Sadly my brother passed away last year due to cancer, and will forever now be "offline" in my friends list, his ship parked up somewhere well clear of the bubble as he was on a long exploration trip. Damn hard to take sometimes seeing the "T****** Offline" (don't want to put his name here) but he was always a happy guy and we both got many hours of enjoyment together thanks to the game, and the universe, you have created. This game was a long time coming, but worth the wait, and I thank you for the experiences, memories and nostalgia you have given to me.

CMDR Dekim, also known as "Mike"
 
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Not a fondest memory, but more of a belated thank-you. When ED was in its infancy I wound up with leukaemia which put a big downer on things- and I asked FD if they could release the Viper Mk 3 next to cheer me up. I don't know if it was co-incidence or intentional, but the Viper was indeed the next ship to be added to the game. So if it was intentional, thanks!
 
My fondest memory was on the backleg of my great round trip.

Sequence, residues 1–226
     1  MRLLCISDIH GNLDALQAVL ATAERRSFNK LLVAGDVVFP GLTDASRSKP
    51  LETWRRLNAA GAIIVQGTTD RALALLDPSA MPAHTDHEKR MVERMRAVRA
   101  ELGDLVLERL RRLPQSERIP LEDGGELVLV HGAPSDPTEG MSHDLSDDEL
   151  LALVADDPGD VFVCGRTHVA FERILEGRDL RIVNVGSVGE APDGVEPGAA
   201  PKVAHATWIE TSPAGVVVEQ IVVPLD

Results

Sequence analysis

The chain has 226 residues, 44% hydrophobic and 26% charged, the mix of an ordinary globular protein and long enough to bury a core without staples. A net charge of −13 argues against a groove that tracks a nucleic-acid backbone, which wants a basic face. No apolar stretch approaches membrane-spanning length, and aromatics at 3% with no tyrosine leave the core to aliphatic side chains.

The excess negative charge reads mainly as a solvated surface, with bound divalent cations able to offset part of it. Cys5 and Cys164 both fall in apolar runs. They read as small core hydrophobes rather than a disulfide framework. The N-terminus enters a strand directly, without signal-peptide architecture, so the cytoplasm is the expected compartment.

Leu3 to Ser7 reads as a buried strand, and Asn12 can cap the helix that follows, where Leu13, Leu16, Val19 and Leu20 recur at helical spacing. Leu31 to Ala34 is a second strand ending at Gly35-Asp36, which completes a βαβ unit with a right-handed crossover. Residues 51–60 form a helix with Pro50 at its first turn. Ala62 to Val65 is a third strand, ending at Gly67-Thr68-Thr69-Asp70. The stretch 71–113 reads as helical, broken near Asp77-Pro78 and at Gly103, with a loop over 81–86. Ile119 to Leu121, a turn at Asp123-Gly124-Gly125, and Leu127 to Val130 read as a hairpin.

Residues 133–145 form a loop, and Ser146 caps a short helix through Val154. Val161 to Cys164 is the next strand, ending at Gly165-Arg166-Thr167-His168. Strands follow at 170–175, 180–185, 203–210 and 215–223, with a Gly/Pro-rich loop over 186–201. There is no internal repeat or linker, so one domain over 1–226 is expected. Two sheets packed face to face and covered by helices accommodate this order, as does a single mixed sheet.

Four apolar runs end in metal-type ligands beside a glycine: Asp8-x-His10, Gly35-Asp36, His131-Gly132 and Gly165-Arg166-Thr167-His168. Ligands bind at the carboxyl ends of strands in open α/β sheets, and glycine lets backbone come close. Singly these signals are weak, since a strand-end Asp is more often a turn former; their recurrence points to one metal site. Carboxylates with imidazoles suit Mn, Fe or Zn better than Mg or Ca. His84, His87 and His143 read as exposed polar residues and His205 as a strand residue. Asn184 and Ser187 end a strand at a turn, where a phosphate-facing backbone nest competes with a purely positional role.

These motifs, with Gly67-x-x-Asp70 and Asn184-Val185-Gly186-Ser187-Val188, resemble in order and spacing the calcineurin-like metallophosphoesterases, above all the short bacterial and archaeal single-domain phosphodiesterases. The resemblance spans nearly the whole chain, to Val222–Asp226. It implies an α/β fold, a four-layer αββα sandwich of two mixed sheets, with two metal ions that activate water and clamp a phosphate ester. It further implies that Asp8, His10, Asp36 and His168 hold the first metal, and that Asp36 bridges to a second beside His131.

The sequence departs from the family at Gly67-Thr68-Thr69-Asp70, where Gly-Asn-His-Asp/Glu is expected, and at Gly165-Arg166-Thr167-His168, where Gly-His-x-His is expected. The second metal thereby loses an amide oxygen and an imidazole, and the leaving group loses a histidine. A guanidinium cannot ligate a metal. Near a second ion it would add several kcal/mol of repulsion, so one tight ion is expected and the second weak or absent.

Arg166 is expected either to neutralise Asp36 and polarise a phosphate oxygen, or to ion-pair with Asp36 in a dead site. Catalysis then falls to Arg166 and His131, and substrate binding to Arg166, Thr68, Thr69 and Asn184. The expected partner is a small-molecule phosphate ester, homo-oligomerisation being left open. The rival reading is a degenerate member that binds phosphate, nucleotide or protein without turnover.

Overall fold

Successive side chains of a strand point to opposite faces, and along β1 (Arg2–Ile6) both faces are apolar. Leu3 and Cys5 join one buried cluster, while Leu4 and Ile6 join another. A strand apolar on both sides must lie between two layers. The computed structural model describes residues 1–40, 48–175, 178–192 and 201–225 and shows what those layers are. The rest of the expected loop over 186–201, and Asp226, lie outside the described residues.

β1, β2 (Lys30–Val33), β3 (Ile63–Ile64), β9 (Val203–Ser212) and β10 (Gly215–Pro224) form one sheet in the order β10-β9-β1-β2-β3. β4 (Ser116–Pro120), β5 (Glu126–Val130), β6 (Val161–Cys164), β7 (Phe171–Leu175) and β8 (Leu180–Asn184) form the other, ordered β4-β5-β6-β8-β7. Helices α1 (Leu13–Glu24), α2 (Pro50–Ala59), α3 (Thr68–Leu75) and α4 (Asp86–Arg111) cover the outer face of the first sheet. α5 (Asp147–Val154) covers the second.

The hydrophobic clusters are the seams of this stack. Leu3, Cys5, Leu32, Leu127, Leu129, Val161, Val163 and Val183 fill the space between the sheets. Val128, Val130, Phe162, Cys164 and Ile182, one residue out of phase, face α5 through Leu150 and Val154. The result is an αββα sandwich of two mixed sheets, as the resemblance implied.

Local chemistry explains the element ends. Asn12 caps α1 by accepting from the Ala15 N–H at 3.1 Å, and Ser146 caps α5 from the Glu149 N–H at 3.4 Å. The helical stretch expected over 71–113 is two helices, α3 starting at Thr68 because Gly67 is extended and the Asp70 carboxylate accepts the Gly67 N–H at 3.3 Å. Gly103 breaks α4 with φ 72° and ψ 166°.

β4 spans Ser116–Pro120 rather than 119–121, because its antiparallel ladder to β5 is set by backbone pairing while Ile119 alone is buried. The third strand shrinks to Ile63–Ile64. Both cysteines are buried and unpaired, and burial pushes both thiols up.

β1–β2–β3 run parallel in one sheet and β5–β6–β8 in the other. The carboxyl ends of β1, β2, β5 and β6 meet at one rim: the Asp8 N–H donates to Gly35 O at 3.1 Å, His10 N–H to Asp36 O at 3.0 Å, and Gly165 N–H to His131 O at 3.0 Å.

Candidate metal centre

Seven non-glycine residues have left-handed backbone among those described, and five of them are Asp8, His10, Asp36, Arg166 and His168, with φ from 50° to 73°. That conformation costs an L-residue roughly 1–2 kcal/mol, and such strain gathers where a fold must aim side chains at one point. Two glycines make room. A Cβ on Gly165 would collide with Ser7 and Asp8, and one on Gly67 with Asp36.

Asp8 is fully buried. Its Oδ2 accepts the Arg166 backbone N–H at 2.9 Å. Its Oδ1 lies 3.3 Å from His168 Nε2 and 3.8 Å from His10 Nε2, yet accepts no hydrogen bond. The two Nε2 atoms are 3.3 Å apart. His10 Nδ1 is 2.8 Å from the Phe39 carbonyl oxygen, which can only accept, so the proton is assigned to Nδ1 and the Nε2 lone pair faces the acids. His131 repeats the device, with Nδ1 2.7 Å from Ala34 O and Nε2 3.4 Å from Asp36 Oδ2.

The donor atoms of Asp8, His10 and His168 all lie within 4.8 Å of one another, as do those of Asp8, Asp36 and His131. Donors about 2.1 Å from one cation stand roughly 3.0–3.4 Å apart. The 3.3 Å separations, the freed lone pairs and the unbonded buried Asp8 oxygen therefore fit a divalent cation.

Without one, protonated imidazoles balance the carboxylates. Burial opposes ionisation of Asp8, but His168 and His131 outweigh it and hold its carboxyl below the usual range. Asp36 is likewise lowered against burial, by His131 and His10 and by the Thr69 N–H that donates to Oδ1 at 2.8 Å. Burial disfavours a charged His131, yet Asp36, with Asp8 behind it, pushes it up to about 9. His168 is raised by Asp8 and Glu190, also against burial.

After I visited the Black Hole at Sagittarius A" I travelled to Colonia and then took the route of the Colonia Connection Highway back to Earth. After over 1000 ly I found a system with two planets made of 100% metal. I still wish I had written down the system's name.
I only remember that I scanned all planets and I was the first to visit.
 
For me it's gotta be the time when I first jumped into a Neutron Star system. I was stunned. Literally. Stayed there for like five minutes just floating, in awe. The sound (or at least the sounds my brain were creating for me), the contrast with the blackness of the void...I wanted to cry, instead I just sighed and proceeded, thinking to myself: what a time to be alive.
 
I am guessing unlike many mine is relatively recent. I started playing Elite a few years back on the Xbox one, but for some reason maybe kids coming along maybe something else Elite and I drifted apart.